In our Best software development aency in UAE practice, we distinguish between two types of software development metrics: those that help evaluate the final software, and those that give an idea of the development process. In this article, we will consider an approach to the development and implementation of effective metrics of both types. How to apply software development metrics? Project owners, project managers, development teams, and QAs can refer to software development metrics for:
Project management and planning
Measurement is the cornerstone of control. Software development metrics allow you to clearly understand what and how teams have already done in previous iterations of the project. Based on this data, the project manager can better predict and plan the budget, time, resources and requirements for the upcoming iterations, as well as determine in a timely manner if the iteration or the whole project goes wrong.
Metrics give the project owner the opportunity to quickly understand and evaluate the status of the project, problems and how to solve them.
Metrics are a good way to decide in which order to complete tasks in order to get the most out of it. For example, if the rating of user satisfaction is low due to constant dissatisfaction with the quality of updates that interfere with the smooth functioning of the software, this may be a signal to begin to devote more time during the iteration to regression testing than to release a large group of new functions.
Metrics can help you understand if there is any value from a change in approach, practice, tool, etc., What kind of value you can expect and how it relates to the investments made. For example, when switching to DevOps, KPIs such as the number of failed changes / deployments and the average recovery time (MTTR) can help evaluate the improvements that accompany the changes.
SLA monitoring and reporting, service setup
With KPI, the customer can clearly communicate and track expected value (increasing the frequency of releases, improving test coverage, decreasing the number of features waiting in line longer than the due date, or reducing the number of defects detected by the user). Testing (UAT) / in production) from a third-party vendor and understanding how productive external teams are. The seller, in turn, can visualize the improvements achieved.
What to measure?
Before we begin, let’s clarify that a list of metrics must be determined individually each time. To blindly copy a set of metrics from any other project, just keep track of everything that the project management tool offers or the software development environment prescribes – this is an unjustified waste of time and effort. Indicators that do not answer any specific question of the project stakeholders or those whose results do not have any potential impact on the project process should be avoided. For example, for a real-time processing system, performance metrics will be a top priority, and for a distributed asynchronous system, metrics will depend on availability.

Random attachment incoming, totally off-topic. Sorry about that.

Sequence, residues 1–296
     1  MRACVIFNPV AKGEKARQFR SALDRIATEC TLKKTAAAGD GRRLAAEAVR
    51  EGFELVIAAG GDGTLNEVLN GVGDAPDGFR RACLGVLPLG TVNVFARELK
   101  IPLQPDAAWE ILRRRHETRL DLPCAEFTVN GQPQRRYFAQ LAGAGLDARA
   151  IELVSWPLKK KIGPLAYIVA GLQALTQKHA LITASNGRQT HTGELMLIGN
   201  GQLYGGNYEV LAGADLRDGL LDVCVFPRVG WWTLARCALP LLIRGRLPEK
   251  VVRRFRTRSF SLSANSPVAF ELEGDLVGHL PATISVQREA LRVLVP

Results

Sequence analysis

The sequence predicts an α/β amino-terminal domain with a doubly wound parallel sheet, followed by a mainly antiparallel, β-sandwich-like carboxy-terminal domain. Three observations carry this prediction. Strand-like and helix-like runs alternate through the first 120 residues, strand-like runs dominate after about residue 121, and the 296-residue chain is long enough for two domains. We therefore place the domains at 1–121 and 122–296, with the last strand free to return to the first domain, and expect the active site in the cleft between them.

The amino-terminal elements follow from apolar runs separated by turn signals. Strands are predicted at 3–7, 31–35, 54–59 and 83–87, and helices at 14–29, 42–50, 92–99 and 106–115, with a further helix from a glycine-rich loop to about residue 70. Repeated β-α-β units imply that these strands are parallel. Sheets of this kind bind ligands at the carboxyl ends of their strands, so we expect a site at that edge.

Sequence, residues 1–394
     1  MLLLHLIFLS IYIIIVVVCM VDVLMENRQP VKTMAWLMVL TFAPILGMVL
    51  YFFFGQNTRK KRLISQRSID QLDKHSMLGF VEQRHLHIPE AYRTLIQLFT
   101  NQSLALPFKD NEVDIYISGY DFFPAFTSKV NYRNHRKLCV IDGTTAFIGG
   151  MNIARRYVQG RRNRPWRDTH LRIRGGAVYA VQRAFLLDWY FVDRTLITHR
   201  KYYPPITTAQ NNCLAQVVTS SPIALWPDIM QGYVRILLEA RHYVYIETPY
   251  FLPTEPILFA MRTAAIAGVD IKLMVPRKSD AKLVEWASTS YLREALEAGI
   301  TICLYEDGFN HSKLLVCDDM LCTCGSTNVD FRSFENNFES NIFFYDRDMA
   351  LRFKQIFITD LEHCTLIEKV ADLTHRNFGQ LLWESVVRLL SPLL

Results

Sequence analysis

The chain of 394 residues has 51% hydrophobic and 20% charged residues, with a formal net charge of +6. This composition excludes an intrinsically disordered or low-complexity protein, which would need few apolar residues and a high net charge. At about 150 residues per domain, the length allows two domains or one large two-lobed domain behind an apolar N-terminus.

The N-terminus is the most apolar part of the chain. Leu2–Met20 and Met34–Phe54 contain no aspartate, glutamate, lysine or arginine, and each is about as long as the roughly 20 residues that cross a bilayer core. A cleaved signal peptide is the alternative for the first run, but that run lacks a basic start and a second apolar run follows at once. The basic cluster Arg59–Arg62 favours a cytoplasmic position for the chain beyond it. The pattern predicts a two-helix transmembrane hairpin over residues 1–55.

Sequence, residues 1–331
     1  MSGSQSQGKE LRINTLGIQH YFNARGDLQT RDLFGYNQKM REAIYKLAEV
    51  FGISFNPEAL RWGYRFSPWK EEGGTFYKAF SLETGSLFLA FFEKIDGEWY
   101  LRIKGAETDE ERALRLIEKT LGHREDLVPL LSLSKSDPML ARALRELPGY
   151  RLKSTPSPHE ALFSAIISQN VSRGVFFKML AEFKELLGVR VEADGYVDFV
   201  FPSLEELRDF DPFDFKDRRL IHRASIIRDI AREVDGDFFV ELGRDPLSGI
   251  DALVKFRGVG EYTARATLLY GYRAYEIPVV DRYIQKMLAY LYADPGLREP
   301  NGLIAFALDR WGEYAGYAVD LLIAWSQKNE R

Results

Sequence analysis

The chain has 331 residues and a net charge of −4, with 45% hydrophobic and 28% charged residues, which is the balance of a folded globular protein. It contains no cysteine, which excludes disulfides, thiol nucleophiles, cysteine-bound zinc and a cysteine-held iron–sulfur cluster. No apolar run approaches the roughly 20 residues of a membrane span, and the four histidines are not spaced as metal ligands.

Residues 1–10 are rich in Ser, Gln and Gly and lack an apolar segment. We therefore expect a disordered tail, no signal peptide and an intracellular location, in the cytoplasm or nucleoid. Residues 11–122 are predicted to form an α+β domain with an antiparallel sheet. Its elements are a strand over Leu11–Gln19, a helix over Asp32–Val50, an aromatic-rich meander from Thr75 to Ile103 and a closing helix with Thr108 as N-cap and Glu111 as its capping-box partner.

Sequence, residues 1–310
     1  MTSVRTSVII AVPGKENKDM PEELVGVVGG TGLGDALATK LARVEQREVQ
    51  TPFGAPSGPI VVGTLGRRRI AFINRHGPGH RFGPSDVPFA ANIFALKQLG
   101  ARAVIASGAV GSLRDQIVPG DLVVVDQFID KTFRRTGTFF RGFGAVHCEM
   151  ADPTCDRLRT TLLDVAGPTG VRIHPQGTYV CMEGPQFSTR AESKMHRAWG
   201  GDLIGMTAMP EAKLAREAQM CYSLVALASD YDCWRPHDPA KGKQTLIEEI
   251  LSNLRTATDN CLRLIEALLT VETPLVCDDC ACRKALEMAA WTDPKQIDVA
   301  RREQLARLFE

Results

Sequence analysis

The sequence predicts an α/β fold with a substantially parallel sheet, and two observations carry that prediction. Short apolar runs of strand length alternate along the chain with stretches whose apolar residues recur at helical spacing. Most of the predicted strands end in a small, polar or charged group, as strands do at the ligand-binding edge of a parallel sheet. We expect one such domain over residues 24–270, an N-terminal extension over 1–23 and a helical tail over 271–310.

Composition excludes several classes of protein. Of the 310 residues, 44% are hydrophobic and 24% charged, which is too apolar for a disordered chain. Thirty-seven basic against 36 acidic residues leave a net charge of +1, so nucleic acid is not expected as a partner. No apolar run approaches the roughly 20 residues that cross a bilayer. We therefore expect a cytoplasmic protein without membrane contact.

Quality of delivered solution
Business stakeholders are concerned about the external attributes (reliability, maintainability, etc.) of the Software. In accordance with ISO / IEC 25010, the quality of modern software can be described using eight key attributes: compliance, reliability, maintainability, compatibility, portability, security, usability, performance. Each of the attributes can be divided into a set of additional characteristics and will require tracking a whole set of metrics in order to get a real picture. Later in the text we will discuss how to handle metrics of this type in more detail.
Development teams, project managers and project owners want to know the quality of the code they provide. Thus, team leaders, architects and developers are interested in KPI, which can shed light on the technical part of the project, such as algorithmic complexity, the number of unnecessary dependencies, code outflow, code duplication, test coverage, defect density, and the like.
First of all, the project manager will be interested in tracking costs, resources, timelines and effectiveness. They must also understand the effectiveness of established development processes. Each programming paradigm, software development model, and infrastructure will have different success indicators: for linear (traditional) development with a fixed scope, this is the percentage of completion of the area, while flexible and economical processes require measuring the total execution time, cycle time, team speed and etc.
Measuring the satisfaction of intended users is also crucial. For a publicly available product, this will be an assessment of customer satisfaction, while for internal applications, estimates will be based on feedback from employees. Interface coherence, attractive interactions, clarity of messages, clarity of interface elements, clarity of functions are examples of metrics that are suitable in both cases.
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